Tur­tles are exquisitely adapted to their en­vi­ron­ment – they have sur­vived al­most un­changed since the Tri­as­sic – and they can live for more than a cen­tury in the wild, re­pro­duc­ing well into old age. But, in the An­thro­pocene, this age dom­i­nated by hu­mans, they face per­haps their tough­est chal­lenge for more than a mil­lion years – beaches where they nest have been dis­turbed by de­vel­op­ment and the sheer num­bers of peo­ple and dogs. Ar­ti­fi­cial light causes prob­lems, con­fus­ing tur­tles and hatch­lings, which rely on moon­light to nav­i­gate. They can be killed or in­jured by boat im­pacts or en­tan­gled in fish­ing nets, and many are dy­ing from in­gest­ing plas­tic and other pol­lu­tants. Over-fish­ing and the de­struc­tion of coral reefs, where tur­tles graze, is threat­en­ing their food sup­ply.

Cli­mate change, too, is hav­ing an im­pact: ris­ing sea lev­els and associated beach ero­sion re­duce the area avail­able for nest­ing – some beaches have be­come un­us­able – and warmer tem­per­a­tures are caus­ing sex changes. The sex of a tur­tle is de­pen­dent on the tem­per­a­ture of the in­cu­bat­ing egg. Warmer eggs de­velop into fe­males, cooler ones into males. Bi­ol­o­gists are re­port­ing that global warm­ing is al­ready re­sult­ing in an im­bal­ance in the sexes for a num­ber of rep­tiles, with wor­ry­ing con­se­quences for mat­ing and the species’s sur­vival. The pre­vi­ous month, un­usu­ally, there was no

ar­rib­ada here, and a lack of avail­able males is one of the rea­sons sus­pected.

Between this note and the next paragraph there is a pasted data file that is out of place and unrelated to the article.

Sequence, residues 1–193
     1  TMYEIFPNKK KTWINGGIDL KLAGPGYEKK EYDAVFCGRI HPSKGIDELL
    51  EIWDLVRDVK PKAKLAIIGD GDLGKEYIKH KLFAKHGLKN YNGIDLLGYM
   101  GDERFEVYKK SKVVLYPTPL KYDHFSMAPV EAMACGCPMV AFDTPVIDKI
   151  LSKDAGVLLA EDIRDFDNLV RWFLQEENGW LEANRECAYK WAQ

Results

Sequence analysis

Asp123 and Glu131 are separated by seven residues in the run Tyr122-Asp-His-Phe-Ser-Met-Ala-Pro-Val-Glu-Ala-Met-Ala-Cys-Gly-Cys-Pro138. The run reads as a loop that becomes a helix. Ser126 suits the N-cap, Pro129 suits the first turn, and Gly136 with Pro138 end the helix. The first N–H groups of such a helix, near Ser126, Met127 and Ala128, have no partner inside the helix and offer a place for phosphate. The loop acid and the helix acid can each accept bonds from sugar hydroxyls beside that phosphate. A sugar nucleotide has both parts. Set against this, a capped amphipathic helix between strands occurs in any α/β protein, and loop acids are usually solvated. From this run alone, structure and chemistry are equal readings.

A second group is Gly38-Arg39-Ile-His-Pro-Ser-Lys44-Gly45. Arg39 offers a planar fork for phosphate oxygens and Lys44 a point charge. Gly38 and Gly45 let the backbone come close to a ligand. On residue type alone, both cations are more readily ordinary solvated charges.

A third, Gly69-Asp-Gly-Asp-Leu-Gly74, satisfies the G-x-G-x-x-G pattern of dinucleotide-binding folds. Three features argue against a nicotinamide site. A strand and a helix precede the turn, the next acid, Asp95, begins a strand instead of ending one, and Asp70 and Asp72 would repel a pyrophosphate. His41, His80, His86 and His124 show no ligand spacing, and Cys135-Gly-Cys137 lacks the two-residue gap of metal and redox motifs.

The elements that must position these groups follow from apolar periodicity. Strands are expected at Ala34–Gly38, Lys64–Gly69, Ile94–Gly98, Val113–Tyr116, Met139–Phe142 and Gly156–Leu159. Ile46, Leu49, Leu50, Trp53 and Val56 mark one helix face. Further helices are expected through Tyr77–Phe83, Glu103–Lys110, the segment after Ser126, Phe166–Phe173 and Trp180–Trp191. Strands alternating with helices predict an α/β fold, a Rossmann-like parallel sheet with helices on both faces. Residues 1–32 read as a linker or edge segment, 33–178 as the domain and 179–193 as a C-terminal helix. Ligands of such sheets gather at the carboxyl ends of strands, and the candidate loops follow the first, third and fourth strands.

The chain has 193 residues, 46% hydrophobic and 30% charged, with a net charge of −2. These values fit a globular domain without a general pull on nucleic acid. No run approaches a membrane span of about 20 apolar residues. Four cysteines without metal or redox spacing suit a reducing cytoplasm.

That said, by far the big­gest threat to tur­tles is poach­ing. Around the world nest­ing fe­male olive ri­d­leys are slaugh­tered on the beach for their meat, skins and shells, and their eggs are traded as a valu­able del­i­cacy. In the past 20 years, just one gen­er­a­tion, the global pop­u­la­tion has been slashed by a third. The il­le­gal trade in the world’s wildlife is worth more than £12bn a year and threat­ens the sta­bil­ity of gov­ern­ments as well as hu­man health – some 70% of in­fec­tious dis­eases have zoonotic [com­mu­ni­ca­ble from an­i­mals to hu­mans] ori­gins. Il­le­gal wildlife trade is of­ten con­ducted by well or­gan­ised crim­i­nal net­works that un­der­mine gov­ern­ments’ ef­forts to halt other il­le­gal trades, such as arms and drug traf­fick­ing, and help fi­nance re­gional con­flicts.

Con­ser­va­tion­ists like Jairo and a few gov­ern­ment rangers pa­trol this beach dur­ing ar­rib­adas, but they are lit­tle match for de­ter­mined poach­ers, who sell their eggs as aphro­disi­acs on the black mar­ket. On the Caribbean coast of Costa Rica, I’ve seen tur­tle eggs openly sold and eaten in bars and cafés. The beach of Puerto Moin, on that coast, is used by en­dan­gered leatherback tur­tles and poach­ing is so rife that young con­ser­va­tion­ists – many of whom are vol­un­teers – race to nest­ing sites to dig up the eggs and re­bury them in se­cret, safer lo­ca­tions.

The poach­ers, many of whom are also in­volved in drug crime, have turned vi­o­lent, threat­en­ing and at­tack­ing the en­vi­ron­men­tal­ists. In May 2013 a young con­ser­va­tion­ist, Jairo Mora, was col­lect­ing tur­tle eggs for re­burial when he was kid­napped and mur­dered by poach­ers. No one was jailed for his mur­der, and Mora joins a grow­ing list of en­vi­ron­men­tal­ists killed for pro­tect­ing wildlife in Costa Rica and be­yond. In 2015, the most re­cent year for which records ex­ist, 185 en­vi­ron­men­tal­ists were killed pro­tect­ing nat­u­ral re­sources glob­ally. Only a tiny num­ber of such deaths re­sult in con­vic­tions.

Do you worry about your own safety when you’re out here alone at night, I ask Jairo. “No, the Caribbean is dif­fer­ent,” he says. And then he ad­mits, “Some­times.”